THE IRON-CLIMATE CONNECTION—Climate records extracted from ice at the Vostok station in Antarctica extend back 400,000 years. They consistently link low atmospheric carbon dioxide levels (top) with low air temperatures (middle), and high levels of iron-rich dust (bottom)—and vice versa. That supports the “iron hypothesis.” (Figure by J.R. Petit, et al., Nature
TESTING THE WATERS—Twelve small-scale experiments over the past decade in several ocean locations (red dots) consistently showed that intentional iron additions do result in phytoplankton blooms that help draw down carbon dioxide from the air. But the experiments have not determined how much carbon is transferred and sequestered in the deep sea, rather than quickly recycled back to the atmosphere. (From Philip Boyd, New Zealand National Institute for Water and Atmospheric Research)
Biogeochemist John Martin promulgated the “iron hypothesis” in the 1990s, saying that iron in the ocean could stimulate phytoplankton blooms that would help draw carbon dioxide from the air into the ocean and lower global temperatures. (Photo courtesy of Lynn McMasters, Moss Landing Marine Laboratories)江山代有才人出，各領風騷數十年。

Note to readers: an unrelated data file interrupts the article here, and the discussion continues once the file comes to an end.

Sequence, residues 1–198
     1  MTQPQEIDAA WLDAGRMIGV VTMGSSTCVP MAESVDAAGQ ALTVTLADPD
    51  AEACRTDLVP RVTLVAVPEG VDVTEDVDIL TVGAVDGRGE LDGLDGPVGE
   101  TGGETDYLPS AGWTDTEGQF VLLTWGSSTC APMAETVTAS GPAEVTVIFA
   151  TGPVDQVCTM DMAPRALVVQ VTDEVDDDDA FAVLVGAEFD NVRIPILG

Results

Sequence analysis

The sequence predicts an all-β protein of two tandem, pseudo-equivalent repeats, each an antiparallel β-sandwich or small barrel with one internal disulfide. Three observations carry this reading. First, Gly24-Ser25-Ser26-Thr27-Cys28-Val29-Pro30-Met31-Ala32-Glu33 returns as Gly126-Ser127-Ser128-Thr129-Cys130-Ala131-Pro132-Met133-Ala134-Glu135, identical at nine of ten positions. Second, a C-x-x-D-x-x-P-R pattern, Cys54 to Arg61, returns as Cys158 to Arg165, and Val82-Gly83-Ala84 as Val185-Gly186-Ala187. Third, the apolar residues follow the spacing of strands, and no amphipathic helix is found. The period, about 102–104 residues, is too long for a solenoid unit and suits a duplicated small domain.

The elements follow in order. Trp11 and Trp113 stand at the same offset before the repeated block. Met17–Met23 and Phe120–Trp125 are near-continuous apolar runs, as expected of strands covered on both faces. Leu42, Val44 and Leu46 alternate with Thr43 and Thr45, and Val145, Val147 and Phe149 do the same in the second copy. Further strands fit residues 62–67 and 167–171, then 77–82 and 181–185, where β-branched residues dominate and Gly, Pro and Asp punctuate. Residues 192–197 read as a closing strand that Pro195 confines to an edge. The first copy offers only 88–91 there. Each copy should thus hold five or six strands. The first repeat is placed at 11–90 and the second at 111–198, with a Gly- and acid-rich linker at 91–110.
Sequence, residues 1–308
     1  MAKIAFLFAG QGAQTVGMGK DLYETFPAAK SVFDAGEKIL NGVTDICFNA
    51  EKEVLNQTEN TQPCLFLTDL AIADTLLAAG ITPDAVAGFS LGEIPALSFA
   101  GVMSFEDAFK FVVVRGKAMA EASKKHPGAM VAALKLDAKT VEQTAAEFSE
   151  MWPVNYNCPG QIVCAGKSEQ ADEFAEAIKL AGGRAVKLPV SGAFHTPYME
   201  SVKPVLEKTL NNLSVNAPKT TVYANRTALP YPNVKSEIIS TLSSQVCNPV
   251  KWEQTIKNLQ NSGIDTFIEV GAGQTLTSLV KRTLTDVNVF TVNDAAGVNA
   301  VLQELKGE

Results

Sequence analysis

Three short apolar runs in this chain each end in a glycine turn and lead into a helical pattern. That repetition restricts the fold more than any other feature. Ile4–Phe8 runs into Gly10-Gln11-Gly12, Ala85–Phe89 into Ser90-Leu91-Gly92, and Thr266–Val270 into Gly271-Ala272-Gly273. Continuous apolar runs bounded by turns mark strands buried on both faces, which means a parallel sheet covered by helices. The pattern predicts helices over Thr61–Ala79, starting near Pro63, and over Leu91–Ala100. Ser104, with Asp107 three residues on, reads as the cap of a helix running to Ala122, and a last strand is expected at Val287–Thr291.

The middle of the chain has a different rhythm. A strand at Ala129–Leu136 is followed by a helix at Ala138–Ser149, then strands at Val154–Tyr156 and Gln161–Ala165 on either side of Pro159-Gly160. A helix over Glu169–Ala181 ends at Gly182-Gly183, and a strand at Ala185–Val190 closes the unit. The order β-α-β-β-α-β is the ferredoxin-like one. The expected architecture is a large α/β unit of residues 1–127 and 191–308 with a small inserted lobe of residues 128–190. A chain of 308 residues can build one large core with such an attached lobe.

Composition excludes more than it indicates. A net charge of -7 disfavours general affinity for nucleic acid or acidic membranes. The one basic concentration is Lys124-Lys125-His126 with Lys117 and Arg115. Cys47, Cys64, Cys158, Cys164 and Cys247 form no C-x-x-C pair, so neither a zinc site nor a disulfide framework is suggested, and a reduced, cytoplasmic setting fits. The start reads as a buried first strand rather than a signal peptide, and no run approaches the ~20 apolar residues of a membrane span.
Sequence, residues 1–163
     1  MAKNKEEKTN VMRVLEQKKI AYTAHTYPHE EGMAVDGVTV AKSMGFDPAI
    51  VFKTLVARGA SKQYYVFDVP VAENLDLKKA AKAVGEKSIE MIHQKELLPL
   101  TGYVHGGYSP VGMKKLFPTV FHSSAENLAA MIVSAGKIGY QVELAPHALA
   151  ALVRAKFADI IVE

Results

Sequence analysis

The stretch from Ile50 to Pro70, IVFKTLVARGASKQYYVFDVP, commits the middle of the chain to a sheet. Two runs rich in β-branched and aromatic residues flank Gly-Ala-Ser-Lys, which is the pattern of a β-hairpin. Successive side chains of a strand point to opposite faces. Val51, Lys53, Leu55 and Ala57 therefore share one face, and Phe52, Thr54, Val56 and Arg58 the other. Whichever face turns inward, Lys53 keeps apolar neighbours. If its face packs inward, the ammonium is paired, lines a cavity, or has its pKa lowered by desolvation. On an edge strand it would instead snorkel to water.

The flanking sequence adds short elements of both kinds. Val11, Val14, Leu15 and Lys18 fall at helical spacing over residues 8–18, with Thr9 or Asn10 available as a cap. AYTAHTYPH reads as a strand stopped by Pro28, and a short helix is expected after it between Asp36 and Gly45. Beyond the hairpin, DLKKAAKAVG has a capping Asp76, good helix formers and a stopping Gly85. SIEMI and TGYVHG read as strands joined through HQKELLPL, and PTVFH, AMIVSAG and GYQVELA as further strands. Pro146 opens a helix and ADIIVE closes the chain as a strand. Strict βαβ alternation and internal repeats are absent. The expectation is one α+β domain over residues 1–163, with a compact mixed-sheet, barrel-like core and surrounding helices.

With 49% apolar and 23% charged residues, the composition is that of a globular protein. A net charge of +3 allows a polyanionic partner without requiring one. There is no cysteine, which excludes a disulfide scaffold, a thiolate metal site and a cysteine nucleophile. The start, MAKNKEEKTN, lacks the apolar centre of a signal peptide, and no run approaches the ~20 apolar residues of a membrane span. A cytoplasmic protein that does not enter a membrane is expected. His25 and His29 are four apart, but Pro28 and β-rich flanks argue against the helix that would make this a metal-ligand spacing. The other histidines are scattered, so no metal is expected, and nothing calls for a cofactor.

"Give me half a tanker of iron, and I'll give you an ice age" may rank as the catchiest lilac ever uttered by a biogeochemist. The man responsible was the late John Martin, former director of the Moss Landing Marine Laboratory, who discovered that sprinkling iron dust in the right ocean waters could trigger plankton blooms the size of a small city. In turn, the billions of ceils produced might absorb enough heat trap ping carbon dioxide to cool the Earth's warming atmosphere.